“Lukus, you best get up before a varmint gets you.”
I quickly pulled my head back, and high tailed it on into the old bedroom turned control room. I quietly shut and locked the door, but I don’t know why. After all, that confounded thing had already stuck once, and it wasn’t likely to easily open for Lukus even if he gave it a hard shove. Still, a fella can never be too sure.
I started shiverin’ like a calf born in January. I blew the fog comin’ out of my mouth into my hands. Great day in the mornin’ I could kick myself for not bringin’ warmer clothes. I should have known the old house was drafty. A clap of thunder had me prayin’ that the roof wouldn’t leak. A noise caused me to look over my shoulder.
Now, I ain’t too scared of many varmints, but whatever the thing was that went walkin’ across the floor sounded like it was the size of a full-grown man. Scannin’ around the room, I don’t see nothin’, so I’m hopin’ it was just some branches up on the roof blowin’ around.
After sittin’ around for a few minutes, I didn’t hear Lukus downstairs, and about that time, there was a knock at the door. I held my breath. I couldn’t let my friend find me this soon. I hadn’t even started with the special effects I had been workin’ on all week. A second knock came, and the doorknob jumped as the door bounced against the doorjamb.
I reckon Lukus was tryin’ to give me a scare and force me to look out the door. I held my ground. I guess the stress of the situation warmed me up because pretty soon, I didn’t notice any cold air at all. There were a couple more claps of thunder, and I could hear Lukus moseyin’ around the kitchen. A smile spread across my lips as I turned on the system.
With a flick of a switch, the small electro-magnets that I had sittin’ around for a rainy day came to life. I heard the cabinet doors slam. I turned off the magnets so the doors would loosen up, and I did it again. Then I cut them off. I could hear Lukus wanderin’ around the kitchen for a moment. To my surprise, he didn’t sound panicked.
About that time, the weather went catawampus. The wind howled so loud it sounded like Wobbly when I refused to give him a soup bone. The rain was pounding against the walls and the roof like a nine-pound-hammer. You ain’t never heard such a fussin’ outside. What made matters worse, I couldn’t tell where Lukus had gone.
I decided it was time to crank up some music. I doubt my buddy would wander upstairs with such a ferocious storm. I couldn’t tell if the speaker was workin’ under the broken piano, but the light on my control panel said it was. I thought I heard Lukus right below me in the kitchen for a moment. The distinct sound of the same critter I heard before caught my attention. He had to be huge to hear over the din of the storm.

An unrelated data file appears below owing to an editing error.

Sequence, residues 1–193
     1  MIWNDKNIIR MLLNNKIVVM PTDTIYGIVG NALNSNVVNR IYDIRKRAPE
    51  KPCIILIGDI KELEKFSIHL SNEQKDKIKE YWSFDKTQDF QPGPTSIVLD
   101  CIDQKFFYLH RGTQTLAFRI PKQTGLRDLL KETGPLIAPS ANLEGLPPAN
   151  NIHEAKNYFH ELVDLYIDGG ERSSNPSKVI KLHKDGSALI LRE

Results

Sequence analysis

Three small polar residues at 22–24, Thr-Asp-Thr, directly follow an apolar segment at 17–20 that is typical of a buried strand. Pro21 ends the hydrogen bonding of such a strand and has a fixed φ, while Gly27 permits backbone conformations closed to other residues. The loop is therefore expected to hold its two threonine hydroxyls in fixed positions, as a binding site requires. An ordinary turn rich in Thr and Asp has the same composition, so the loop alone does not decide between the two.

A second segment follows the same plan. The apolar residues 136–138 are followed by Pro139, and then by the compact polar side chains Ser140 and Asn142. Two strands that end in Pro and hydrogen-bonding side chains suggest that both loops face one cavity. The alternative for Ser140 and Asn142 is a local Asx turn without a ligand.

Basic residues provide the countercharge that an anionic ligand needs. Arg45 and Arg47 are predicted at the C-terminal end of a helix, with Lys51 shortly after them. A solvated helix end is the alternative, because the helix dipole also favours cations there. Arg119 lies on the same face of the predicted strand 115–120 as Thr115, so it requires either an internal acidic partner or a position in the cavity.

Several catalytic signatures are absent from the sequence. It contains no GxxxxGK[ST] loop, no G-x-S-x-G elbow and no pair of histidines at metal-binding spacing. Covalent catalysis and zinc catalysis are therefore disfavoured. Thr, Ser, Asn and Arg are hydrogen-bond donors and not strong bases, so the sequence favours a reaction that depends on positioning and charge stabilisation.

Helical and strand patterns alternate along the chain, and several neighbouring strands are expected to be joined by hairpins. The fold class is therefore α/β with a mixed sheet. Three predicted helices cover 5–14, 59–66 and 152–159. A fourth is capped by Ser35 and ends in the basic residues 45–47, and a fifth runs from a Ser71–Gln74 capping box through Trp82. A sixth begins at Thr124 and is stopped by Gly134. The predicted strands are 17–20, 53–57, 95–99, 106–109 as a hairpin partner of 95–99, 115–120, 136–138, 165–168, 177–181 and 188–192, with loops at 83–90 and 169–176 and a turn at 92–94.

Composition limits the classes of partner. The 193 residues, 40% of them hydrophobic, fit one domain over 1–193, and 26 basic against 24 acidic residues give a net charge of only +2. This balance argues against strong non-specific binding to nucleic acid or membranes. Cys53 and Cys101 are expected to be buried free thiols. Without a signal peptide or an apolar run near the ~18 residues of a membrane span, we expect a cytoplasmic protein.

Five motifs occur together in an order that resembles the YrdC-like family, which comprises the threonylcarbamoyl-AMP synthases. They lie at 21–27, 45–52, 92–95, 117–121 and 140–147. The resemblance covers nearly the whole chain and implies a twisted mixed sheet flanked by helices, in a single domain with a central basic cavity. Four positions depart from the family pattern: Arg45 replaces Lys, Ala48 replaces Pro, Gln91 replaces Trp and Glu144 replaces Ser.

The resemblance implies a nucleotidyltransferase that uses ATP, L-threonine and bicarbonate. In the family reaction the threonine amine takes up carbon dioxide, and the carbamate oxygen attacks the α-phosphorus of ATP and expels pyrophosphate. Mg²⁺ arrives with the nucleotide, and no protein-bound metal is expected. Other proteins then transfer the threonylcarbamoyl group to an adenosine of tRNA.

I quickly stood up and moved my flashlight all over that room. I picked up my hammer, just in case this varmint decided to come closer. I thought a saw a shadow by the window and swung my light that direction, but there wasn’t nothin’ there except dust. Frustrated, I walked the perimeter of the room twice. I couldn’t find any holes that were big enough for an animal that size. In fact, the cracks were barely big enough for a field mouse.
I looked up towards the ceilin’ but didn’t find any gaps their either. The thought occurred to me that a varmint could be in the attic. An opossum spooked by the storm could very well be the source of all my angst.
I stopped, took a breath, and listened hard for Lukus. I couldn’t hear the piano, much less, my friend. With the storm still ragin’, I decided to leave the room and look downstairs to see if there was anythin’ goin’ on. I was sure ole Lukus wouldn’t be up around my parts until this storm blew through.
I prayed hard to the Almighty that I wouldn’t find myself with the door stuck again. Much to my relief, it slid open real easy. Holdin’ my breath, I peered into the blackness. I didn’t hear nothin’ but the rain, and I didn’t see hide or hair of my friend. Easin’ out, I made my way near the stairs and slowly peeked around the corner.
I could barely make out the sound of piano music playin’ from underneath the broken instrument. It sounded like the cabinet doors in the kitchen were makin’ a racket. I reckoned that was on account of that broken window and the storm. With no sign of Lukus, I headed back and locked myself in, waiting for things to calm down a mite.